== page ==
The Plants
Tucked on the far south end of the Botanical Garden, the Bavarian Garden does not receive a large number of visitors. This is understandable for most of the year, but from April to June the garden is at peak bloom and a delight for an observant visitor. It is a time when I feel very grateful for the chance to grow these plants despite the setbacks that may be looming in the summer.
Outside of spring and fall, there is not much going for these plants. The hot, humid summers take a toll, as well as the torrential rainstorms which are most common in the spring and summer. The garden is in full sun for most of the day, and I’m sure it’s one of the hottest places in St. Louis during the summer. Winters, as far as I have experienced, are very variable with occasional subzero (below -18ºC) temperatures. There is little persistent snowfall to insulate plants. The soil does not stay frozen which, paired with winter rainfall, can lead to rot.
Due to this climate, I have learned not to take any plant for granted. Those that have survived, even thrived, for a few years can suddenly die off at any time. I continue to try new plants, and the garden fills in a little more each year. I do keep some alpine look-alikes from lower elevations in the garden for their reliability. However it is not all bad news, I have found a number of plants that stand out as tough and dependable. Some alpines do seem to be able to adapt to this climate!
Antennaria carpatica was one of the first plants put into the garden. The four original plants have grown together to form a large mat of silvery foliage. The mat is thick enough to keep out weeds almost entirely. It continues to creep across the coarse gravel mulch each year and puts up small clusters of rosy-pink flowers in early spring. It is easy to divide, and clumps that I transplanted last fall have established well. The first planting is near the top of the garden, but the transplants are lower down near the path, so it seems to be very adaptable to different levels of soil moisture.
Another tough mat-former is Teucrium montanum. Though not a true alpine, it must be included because it has done so well in difficult locations in the garden, including hot slopes and flat areas with more moisture. It becomes covered with white flowers in May, with some sparse bloom throughout the summer.
Hypericum kazdaghense has thrived in a fairly flat location along the path. The original five plants have spread into a rectangle roughly 4 feet (4.2 m) wide by 8 feet (2.4 m) long over the past four years! It is not a continuous mat, and there is some dieback and regrowth each year. The yellow flowers in May are held right on top of the foliage.
Petrophytum caespitosum has slowly filled in between rocks with its tight mat of light green foliage. It blooms in late summer, sending up stalks of white flowers. It has a wide range over the western U.S., which I believe leads to the adaptability and durability of this plant.
Globularia cordifolia is another nearly impenetrable mat-former that seems very adaptable. It also transplants well, with divisions from last fall growing on a hot slope. I have both cultivated and wild-sourced plantings in the garden, some in full sun and some in more shade, but haven’t seen any of the purple blooms yet.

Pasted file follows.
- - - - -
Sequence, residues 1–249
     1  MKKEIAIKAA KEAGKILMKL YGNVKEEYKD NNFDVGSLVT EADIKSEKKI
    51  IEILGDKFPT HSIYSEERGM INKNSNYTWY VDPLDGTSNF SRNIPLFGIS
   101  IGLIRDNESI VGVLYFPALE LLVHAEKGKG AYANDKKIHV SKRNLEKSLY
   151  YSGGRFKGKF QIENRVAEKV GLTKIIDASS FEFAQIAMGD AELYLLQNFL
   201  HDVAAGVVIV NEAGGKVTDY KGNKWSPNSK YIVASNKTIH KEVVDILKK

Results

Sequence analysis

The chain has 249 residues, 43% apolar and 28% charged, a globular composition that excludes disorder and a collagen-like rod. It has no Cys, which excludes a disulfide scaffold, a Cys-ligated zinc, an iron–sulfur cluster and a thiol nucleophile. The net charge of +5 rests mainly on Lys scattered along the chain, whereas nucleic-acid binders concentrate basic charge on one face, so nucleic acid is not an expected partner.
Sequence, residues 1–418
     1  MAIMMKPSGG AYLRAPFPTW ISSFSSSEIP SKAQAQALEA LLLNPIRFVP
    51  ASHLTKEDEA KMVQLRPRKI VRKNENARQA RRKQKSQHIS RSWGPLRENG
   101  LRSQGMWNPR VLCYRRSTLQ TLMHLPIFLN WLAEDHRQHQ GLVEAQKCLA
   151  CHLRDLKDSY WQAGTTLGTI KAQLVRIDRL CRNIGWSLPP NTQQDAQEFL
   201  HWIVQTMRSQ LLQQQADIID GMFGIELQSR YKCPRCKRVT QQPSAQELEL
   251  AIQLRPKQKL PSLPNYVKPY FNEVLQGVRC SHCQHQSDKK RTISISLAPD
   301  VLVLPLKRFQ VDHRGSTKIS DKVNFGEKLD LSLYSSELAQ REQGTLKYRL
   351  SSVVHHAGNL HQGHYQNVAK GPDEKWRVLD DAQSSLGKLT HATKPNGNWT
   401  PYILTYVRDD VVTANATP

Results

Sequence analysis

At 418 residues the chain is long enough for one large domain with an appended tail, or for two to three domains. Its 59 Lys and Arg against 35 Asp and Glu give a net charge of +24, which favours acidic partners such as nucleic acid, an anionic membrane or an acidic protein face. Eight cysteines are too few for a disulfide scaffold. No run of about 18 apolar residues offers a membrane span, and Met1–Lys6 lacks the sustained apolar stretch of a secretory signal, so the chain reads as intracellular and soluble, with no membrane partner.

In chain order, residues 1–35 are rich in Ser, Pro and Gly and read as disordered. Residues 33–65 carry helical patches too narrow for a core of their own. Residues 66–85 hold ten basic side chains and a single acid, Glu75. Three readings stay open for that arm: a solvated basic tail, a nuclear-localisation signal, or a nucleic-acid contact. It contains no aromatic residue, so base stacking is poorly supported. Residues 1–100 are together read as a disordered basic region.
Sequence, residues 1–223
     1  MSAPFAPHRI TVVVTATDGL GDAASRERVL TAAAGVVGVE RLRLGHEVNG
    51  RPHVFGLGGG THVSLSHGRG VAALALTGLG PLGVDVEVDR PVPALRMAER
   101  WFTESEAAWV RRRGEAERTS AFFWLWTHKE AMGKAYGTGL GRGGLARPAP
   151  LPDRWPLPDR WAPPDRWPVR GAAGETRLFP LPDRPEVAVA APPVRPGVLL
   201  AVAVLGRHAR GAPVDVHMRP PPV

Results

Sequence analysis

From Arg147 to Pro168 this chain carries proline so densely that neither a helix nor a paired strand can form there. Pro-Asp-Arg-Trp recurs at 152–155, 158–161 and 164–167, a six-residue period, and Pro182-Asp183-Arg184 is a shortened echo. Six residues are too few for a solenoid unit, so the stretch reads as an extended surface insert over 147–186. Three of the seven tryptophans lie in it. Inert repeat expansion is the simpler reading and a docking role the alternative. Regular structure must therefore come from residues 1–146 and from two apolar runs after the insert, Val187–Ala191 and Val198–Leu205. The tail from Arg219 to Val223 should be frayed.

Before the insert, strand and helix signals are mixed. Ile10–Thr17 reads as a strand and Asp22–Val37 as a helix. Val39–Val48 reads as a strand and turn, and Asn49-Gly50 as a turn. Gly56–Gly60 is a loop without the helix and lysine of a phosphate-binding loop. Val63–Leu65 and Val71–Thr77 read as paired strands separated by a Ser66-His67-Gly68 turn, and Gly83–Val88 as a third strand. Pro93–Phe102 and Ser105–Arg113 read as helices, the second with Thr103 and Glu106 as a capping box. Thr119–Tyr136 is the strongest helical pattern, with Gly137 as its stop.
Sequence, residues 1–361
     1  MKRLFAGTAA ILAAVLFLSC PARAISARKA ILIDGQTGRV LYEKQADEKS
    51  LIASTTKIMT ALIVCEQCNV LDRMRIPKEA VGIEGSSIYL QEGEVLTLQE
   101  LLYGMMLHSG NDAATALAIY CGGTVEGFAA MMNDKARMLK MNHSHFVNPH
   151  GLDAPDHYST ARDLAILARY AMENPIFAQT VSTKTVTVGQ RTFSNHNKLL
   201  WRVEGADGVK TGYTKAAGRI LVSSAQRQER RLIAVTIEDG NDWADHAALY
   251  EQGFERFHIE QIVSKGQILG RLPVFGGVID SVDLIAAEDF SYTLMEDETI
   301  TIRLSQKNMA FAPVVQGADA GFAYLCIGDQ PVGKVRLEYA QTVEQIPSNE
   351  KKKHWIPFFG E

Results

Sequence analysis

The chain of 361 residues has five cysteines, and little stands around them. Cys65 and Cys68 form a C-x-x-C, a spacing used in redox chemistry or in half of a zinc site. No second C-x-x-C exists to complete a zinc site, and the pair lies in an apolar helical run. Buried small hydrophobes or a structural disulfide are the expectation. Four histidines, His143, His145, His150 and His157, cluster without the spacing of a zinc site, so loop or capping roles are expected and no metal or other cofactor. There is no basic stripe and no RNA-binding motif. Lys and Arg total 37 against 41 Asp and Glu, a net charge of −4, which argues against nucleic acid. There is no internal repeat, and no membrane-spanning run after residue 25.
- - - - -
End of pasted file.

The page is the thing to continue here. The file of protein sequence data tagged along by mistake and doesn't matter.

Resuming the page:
Asperula nitida subsp. hirtella grows well in a trough, blanketing the surface and hanging down off the back edge. Its tiny pink flowers cover the foliage in late spring, with some rebloom in the summer. Troughs have also been good homes for Alyssum ovirense and Alyssum propinquum. Both have attractive silver foliage and reliable yellow blooms in early spring.
Many iris have taken the conditions of the garden in stride. Currently, there are 15 taxa in the garden, with Iris pumila standing out from the rest. I love its dark purple flowers in April. The plants are very vigorous, and I have been able to divide and establish a second planting. Blooming at around the same time are several species of Pulsatilla. P. dahurica is my most recent addition, producing small purple bell-shaped flowers. A second plant seeded in, artfully tucking itself in front of a rock.  
Lastly, I’ll mention Sibbaldiopsis tridentata. I recently saw it growing in wind-whipped crevices near the coast at the Newfoundland Annual General Meeting. In Missouri, the plants growing in full sun have limped along, but a recent planting in part shade is doing very well and producing runners. I saw a few flowers this year for the first time.

From my experiences, I would like to offer some humble advice to beginning rock gardeners who live in similar climates. Troughs are a great way to start. It allows you to create a small garden with well-drained soil and to be able to site it in the best conditions. You can try a few plants without too much commitment. When you are ready to move into a space in your yard, choose an area that gets afternoon shade if possible. Build up the soil using a well-draining mix and resist the urge to water once your plants have established. Look into local natives that are low-growing and which will be well-adapted to your area. These can be the reliable plants that form the backbone of your garden. In the Bavarian Garden, Clematis fremontii, a glade plant from Missouri, Kansas, and Nebraska, fits in well with surrounding plantings and has no issues with our conditions. Geum triflorum, which is native across the western and northern U.S. has also worked well in the garden. For more experienced gardeners, don’t give up! Try new species from different regions of the world. The NARGS seed exchange is a great place to find this diversity. I hope this article has provided some inspiration for your own garden!